Marin’s projected coronavirus peak still hard to pinpoint
Author: Richard Halstead
Publication: Marin IJ
Marin health officials are taking longer than initially expected to forecast how large a surge of coronavirus patients the county will see and when the peak will arrive.
Dr. Lisa Santora, Marin County deputy public health officer, told county supervisors on March 31 that she expected to have the numbers later that week. On Friday, Santora said she couldn’t predict when final estimates might be completed.
Forecasts of how many coronavirus patients the county will have when the number of local infections peaks is critical for determining whether there are a sufficient number of intensive care beds, ventilators and medical personnel to respond.
Santora says she wants to collect additional local data before completing the modeling in an effort to improve the accuracy of the forecast.
One important decision the county must make in preparing the forecast is which model to use. Santora said the four best models have been produced by the Institute for Health Metrics and Evaluation in Seattle, the University of Pennsylvania, Stanford University and Imperial College London in the United Kingdom.
“That is our struggle now,” Santora said. “They have all developed their own analytical models to churn out when localities would expect to see a surge and what would be the height of surge. There is a tremendous variation between all four models.”
Santora said the county has plugged its local data into all three U.S. models and come up with a wide range of predictions. The peak of the surge in Marin varied from late April to late July. The maximum number of hospitalizations ranged from 200 to 1,500. The maximum number of deaths ranged from 80 to 2,000.
Santora said the county is contemplating entering into a contract with Stanford to produce more detailed modeling that is tailored to Marin. She said she is uncertain when that work might be completed.
The Seattle institute, which is funded by the Bill and Melinda Gates Foundation, made headlines this week by revising its projections downward for the number of hospital beds, ventilators and other equipment that will be needed to respond to the pandemic in the United States. The institute also said the number of deaths from the virus might peak sooner than expected in some states.
California is entering its fourth week of a statewide stay-at-home order that has shuttered schools and non-essential businesses. Last week, the state saw its first daily decrease in intensive care hospitalizations, a key indicator of how many health care workers and medical supplies the state needs, according to Gov. Gavin Newsom.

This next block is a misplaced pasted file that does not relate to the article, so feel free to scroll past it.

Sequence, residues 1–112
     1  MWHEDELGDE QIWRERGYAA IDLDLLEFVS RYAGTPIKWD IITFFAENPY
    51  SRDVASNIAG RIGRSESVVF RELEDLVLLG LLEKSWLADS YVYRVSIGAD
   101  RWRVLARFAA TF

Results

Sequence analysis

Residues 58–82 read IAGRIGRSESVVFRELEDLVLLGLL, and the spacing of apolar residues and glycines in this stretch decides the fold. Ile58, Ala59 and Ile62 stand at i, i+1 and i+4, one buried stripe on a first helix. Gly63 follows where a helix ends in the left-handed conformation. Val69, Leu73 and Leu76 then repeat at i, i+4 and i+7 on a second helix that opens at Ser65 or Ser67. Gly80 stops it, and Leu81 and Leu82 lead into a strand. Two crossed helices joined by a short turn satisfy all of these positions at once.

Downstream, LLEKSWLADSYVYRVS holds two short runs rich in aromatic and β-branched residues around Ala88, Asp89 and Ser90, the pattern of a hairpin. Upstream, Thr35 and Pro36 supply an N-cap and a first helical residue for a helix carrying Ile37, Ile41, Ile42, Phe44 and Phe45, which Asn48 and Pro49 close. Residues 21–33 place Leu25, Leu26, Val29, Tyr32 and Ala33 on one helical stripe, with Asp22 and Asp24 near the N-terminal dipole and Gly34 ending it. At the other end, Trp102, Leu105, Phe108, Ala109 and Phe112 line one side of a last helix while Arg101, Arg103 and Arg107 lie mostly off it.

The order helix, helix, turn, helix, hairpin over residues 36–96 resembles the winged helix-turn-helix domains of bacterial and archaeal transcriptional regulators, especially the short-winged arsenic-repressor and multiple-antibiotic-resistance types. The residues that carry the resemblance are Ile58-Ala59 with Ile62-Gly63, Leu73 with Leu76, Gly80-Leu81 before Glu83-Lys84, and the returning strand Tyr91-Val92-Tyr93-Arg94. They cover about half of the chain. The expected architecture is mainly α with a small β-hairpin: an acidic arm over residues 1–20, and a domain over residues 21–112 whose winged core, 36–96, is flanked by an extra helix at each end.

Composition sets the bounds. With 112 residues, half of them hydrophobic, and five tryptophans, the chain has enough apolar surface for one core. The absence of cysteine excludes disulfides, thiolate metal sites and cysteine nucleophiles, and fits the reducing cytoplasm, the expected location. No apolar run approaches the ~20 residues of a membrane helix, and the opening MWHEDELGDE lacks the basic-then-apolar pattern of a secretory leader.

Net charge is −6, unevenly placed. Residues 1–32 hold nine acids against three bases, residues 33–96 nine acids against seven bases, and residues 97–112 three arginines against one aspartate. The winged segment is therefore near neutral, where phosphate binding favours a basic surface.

The rate of all virus hospitalizations slowed last week. The number of patients in the ICU statewide dropped 1.9% on Wednesday to 1,132, Newsom said Thursday.
“I caution anybody to read too much into that,” Newsom said of the decline in ICU hospitalizations. “But nonetheless, it is encouraging.”
The institute in Seattle is forecasting that the number of daily coronavirus deaths in California will peak at 67 on April 15.
Some skeptics, however, believe the institute’s model is overly optimistic. For example, they say the model combines mortality data out of China with mortality data from U.S. cities and counties to make its predictions. But U.S. jurisdictions so far have not implemented the same kind of drastic lockdown as China did.
The model also assumes that all states will extend social distancing through the end of May and that states that haven’t yet implemented such measures will do so in the next seven days.
More recently, the Seattle institute’s updated modeling has incorporated data from Italy and Spain.
Santora said most of the models use similar inputs such as current hospitalization rates, the rate at which the number of coronavirus infections are doubling and estimates of compliance with social distancing recommendations in the locale. She said the University of Pennsylvania’s model is predicting the highest number of hospitalizations and deaths. The District of Columbia has decided to use that model.
Santora said another factor complicating Marin’s modeling is that more infections than previously expected are resulting from travelers from New York. She said the prior working hypothesis was that most of the Bay Area’s infections would be caused by travelers from China.
“I think we are seeing some indications that we are flattening the curve,” Santora said, “but we have yet to determine the role of domestic travel from New York, before it was restricted. That confounds some of the modeling.”
Although a final forecast for Marin is still in the works, the county is assuming a surge of patients will materialize over the next two to six weeks.
“We really do believe we’re still on the tail of the curve up,” Santora said.
She said that while the state’s social distancing is flattening the curve, it might also be delaying the arrival of the outbreak’s local peak.
The county’s Department of Health and Human Services is working with MarinHealth Medical Center, Kaiser Permanente Medical Center, Sutter Health’s Novato Community Hospital and Kentfield Rehabilitation Hospital to prepare.
According to a statement issued by the county on Tuesday, even though the MarinHealth, Kaiser and Sutter hospitals are licensed for a total of 398 beds, they operate only a combined total of 239 beds under normal circumstances. For a hospital bed to be usable, it must be matched with necessary equipment and medical personnel.
“Collectively, Marin hospitals have identified opportunities to increase staffed bed capacity by about 67% to approximately 400 staffed beds, which would include nearly doubling intensive care unit beds,” the statement said.
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